Higgs phenomena were first elucidated almost fifty years ago (and, controversially, by more than just Peter Higgs). It wasn’t long before a specific model was proposed for how the Higgs field might appear in nature, a model that met with such success that it quickly became the standard model for particle interactions (and was soon regarded as so prestigious and important that it became capitalised to Standard Model). By the late seventies and early eighties, Nobel prizes had been awarded and predictions confirmed by experiment. The last matter particle (the “top quark”) was discovered in 1994 [edit: silly me, it was actually the “tau neutrino”, finally discovered in 2000], leaving just one piece of the puzzle outstanding – not just any piece, but the crucial element that tied it all together and formed the basis of the most successful theory we’ve ever had. It is perhaps wrong, though, to say that that missing piece was the Higgs boson. What was really missing was a proper understanding of the nature of the Higgs field and whether or not it would have an associated particle. A great many rival theories have been proposed in the intervening years and now, like athletes training for years before finally competing at the Olympics, they are facing their hour of judgement before the LHC. Most, if not all, will fail. The next few years will tell us which theory will win gold.
More generally, to probe the Higgs energy scale is to knock on the gateway to a new world of physics. We know that the Standard Model, for all its glorious success, is not complete. Gravity, while dominant on astrophysical scales, is utterly irrelevant to particle physics, being 1032 times weaker than any other interaction. Why is there such an enormous disparity? Is supersymmetry realised in nature? Neutrinos only appear to come in left-handed versions, so where do they get their mass from? Where does the structure come from in the periodic table of elementary particles? What is dark matter, the invisible material which makes up 84% of the matter in the universe? What is dark energy, the even more mysterious substance that accounts for 73% of the energy in the universe? Not all of these questions will find their answers in studying the Higgs field, but by probing that energy regime, we hope that nature has left at least some crumbs of information that will guide us towards the next stage of our understanding of this awfully big universe. We have never faced more compelling and fundamental physical mysteries than right now – and with the LHC, we have never before had a machine better equipped to help us solve them.
To answer a couple of questions that have come my way…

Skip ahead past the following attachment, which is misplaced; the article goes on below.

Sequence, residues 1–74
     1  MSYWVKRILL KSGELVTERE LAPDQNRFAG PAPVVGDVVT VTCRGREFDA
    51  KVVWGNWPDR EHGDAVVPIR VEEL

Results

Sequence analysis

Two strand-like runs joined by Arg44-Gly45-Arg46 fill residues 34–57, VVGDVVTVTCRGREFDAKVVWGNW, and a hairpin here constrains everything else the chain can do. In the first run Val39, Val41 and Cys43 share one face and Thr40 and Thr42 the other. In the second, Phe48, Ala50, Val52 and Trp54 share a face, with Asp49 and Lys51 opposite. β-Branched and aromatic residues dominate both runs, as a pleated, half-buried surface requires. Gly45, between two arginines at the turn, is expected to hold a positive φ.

Why do some particles interact with the Higgs and others don’t?
The only massless particles we know of are the photon and the gluon (the particle associated to the strong nuclear force). At some point, I may talk about electroweak unification (the way in which it turns out that the weak force and electromagnetism are two parts of the same thing) – suffice to say for now that in the process of separating the two forces, the photon gets spewed out and stops interacting with the Higgs. The gluon, on the other hand, does not interact with the Higgs because the Higgs field, like the electron and the neutrino, does not have any “strong” charge (I appreciate that that is something of a tautology). As to why these particles don’t have any strong charge – that is an open question…
The Higgs gives particles mass and gravity is caused by mass… so presumably they must be connected, right?
Not in any direct way, as far as we know. As I noted before, the hierarchy problem is the name given to the problem of why gravity is so much weaker than any other force and this is inextricably linked to the Higgs (specifically, gravity becomes significant at energies about 1017 times greater than the Higgs scale, but the two scales should naturally be the same, so what’s going on?). Nevertheless, the Higgs should not be confused with the graviton (the hypothesised particle associated to gravity). Moreover, it’s not mass that causes gravity, it’s energy (remember E=mc2; energy and mass are equivalent) and that is a far more general property than just mass. In fact, it’s more complicated than that: gravity actually feeds on a jambalaya of energy, momentum and pressure called the stress-energy tensor. It’s this more complicated behaviour which allows dark energy to have an apparently repulsive gravitational effect. More on that, perhaps, later…